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As day traders say, “The trend is your friend.” Of course, finding that trendy friend requires familiarity with day trading trend analysis and how to find the trend in day trading. Day traders rely on technical analysis, using various indicators to determine the trend of any particular security. One caveat: While these indicators are the lifeblood of day traders, it’s crucial to have a thorough understanding of each indicator before making monetary trades. Without preparation, it’s easy to misinterpret some indicators, causing chaos in your trading operations.
First, let’s define the trend. Basically, it’s a stock or other security price that continues to move in a particular direction. Trends can only go three ways: an uptrend means the price is moving higher, a downtrend means the price is moving lower and a sideways trend indicates sideways movement. While all trends move in one of these directions, prices almost never move in a straight line. That’s where a moving average comes in, as this technical tool allows day traders to see where the trend is heading.
A moving average is a security’s average price during a specific time period. Moving averages are key indicators for trend day trading, as they are an effective and simple way to gauge trends in a fast-paced market. These indicators let you know whether your move is short or long. The type of moving average most valuable for a trader depends on the trader’s time frame. While long-term investors and traders may rely on the 200, 100 or 50-day simple moving average, day traders usually prefer the 10-day moving average. You want to place these moving averages on a five-minute chart, which you can do with shorter moving averages but not those going long-term. Day traders can also use intraday moving averages, showing the price trends for that day.
The simple moving average allows day traders to identify and trade the trend, but also provides direction for exiting a trade. If you are trading breakouts, a trend can only move in one direction. Should the moving average you use go flat, or the security breaches the moving average in late morning trading, that’s a red flag. For best overall results, choose a profit percentage target beforehand and exit when you meet it, even if the trend still looks promising. Odds are your trades will end up more consistently profitable when you “know when to fold them.”
The moving average divergence convergence (MACD) is another top indicator for ascertaining trends. This oscillator will also indicate momentum. The MACD calculates the difference between a security’s 26 and 12-day exponential moving average (EMA). The EMA reacts more quickly to price changes than a simple moving average.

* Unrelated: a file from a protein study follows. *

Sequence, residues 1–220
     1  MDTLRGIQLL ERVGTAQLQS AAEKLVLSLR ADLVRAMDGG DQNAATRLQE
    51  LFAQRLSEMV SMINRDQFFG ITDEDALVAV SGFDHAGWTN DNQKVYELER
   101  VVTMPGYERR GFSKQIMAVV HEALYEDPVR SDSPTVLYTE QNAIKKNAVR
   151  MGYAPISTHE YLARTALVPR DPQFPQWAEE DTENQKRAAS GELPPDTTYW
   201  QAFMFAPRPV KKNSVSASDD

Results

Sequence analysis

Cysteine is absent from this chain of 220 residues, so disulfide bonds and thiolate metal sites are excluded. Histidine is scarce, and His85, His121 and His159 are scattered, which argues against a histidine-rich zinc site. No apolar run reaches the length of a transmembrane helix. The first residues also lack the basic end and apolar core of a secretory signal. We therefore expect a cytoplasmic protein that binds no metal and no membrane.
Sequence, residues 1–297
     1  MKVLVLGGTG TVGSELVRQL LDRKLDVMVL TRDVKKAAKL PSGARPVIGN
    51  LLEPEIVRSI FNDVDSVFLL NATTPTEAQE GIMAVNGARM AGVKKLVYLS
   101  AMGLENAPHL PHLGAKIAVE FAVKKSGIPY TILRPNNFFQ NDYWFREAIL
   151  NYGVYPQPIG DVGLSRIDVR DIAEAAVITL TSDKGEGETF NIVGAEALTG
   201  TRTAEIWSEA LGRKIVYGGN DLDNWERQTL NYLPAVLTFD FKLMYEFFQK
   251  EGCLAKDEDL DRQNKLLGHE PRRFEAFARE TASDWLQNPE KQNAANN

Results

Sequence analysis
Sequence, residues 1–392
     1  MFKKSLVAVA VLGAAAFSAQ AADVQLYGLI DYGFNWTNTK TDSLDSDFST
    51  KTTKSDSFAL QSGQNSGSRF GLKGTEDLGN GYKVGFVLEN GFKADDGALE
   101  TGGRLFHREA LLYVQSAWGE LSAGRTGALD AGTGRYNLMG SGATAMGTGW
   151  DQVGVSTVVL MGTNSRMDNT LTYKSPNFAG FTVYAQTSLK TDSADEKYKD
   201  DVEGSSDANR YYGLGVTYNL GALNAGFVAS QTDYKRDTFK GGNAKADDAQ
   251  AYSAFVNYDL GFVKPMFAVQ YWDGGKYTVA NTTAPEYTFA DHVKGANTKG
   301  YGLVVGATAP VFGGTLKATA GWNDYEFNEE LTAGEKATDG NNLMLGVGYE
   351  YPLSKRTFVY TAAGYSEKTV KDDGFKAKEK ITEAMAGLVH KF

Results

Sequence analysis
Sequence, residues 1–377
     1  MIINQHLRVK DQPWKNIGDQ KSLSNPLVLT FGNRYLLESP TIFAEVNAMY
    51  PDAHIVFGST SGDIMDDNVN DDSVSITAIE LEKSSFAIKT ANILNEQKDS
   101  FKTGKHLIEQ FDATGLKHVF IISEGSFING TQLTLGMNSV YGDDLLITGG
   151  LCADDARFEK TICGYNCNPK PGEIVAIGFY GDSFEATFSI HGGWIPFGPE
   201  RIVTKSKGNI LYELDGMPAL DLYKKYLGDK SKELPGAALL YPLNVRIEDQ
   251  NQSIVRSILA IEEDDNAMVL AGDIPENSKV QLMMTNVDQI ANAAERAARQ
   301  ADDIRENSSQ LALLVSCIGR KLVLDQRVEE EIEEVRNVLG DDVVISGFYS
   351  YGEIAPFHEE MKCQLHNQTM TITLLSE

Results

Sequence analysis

As an oscillator, the MACD line fluctuates above and below zero. When the line is above zero the trend is upward, and a trend is downward when the line is below zero. Day traders look for buy signals when the line rises above zero and sell signals when the line falls below. The MACD also has a slow and fast line. Buy when the fast line moves above the slow line, and sell when the fast line moves below the slow line.
The Relative Strength Index (RSI) is an oscillator moving between zero and 100, measuring the changing and speed of price movements. It can help determine a trend, as well as entry and exit points for traders. Traders usually consider the RSI overbought when it is over 70, and oversold when it goes below 30. When overbought, a correction is pending, while when oversold, the security may soon experience a bounce. In either condition, the RSI may remain overbought or oversold for an extended period. In uptrends, the RSI ranges between 40 and 100, while in downtrends it moves between 10 and 60.
As its name implies, the On Balance Volume (OBV) indicator considers volume – but it also shows whether that volume is forcing prices upward or downward. Day traders use the OBV as a confirmation indicator for price trends. Rising prices should show a rising OBV, and vice versa. If the OBV rises but the price hasn’t, it is likely the price will start to trend upward. If the OBV and a security’s price are moving in opposite directions – the OBV rising and the price falling – that indicates a possible trend reversal.
There’s no reason to rely on just one indicator for day trading trend analysis. Combine the indicators you prefer for trend confirmation and for entry and exit strategies. Use the RSI, for example, for trend isolation and entry points. Then apply a simple moving average as a chart overlay to identify exit points. For example, when the trend is up, plan to exit as the stock price falls below the line.
While combining indicators can help you make profitable trades, you also don’t want to overdo it. More than three is too many, and can give your conflicting signals. That’s another point – know the strengths and weaknesses of each of the technical tools you use. With that familiarity, you’ll have a better than average chance of identifying trends and earning money on your trades.
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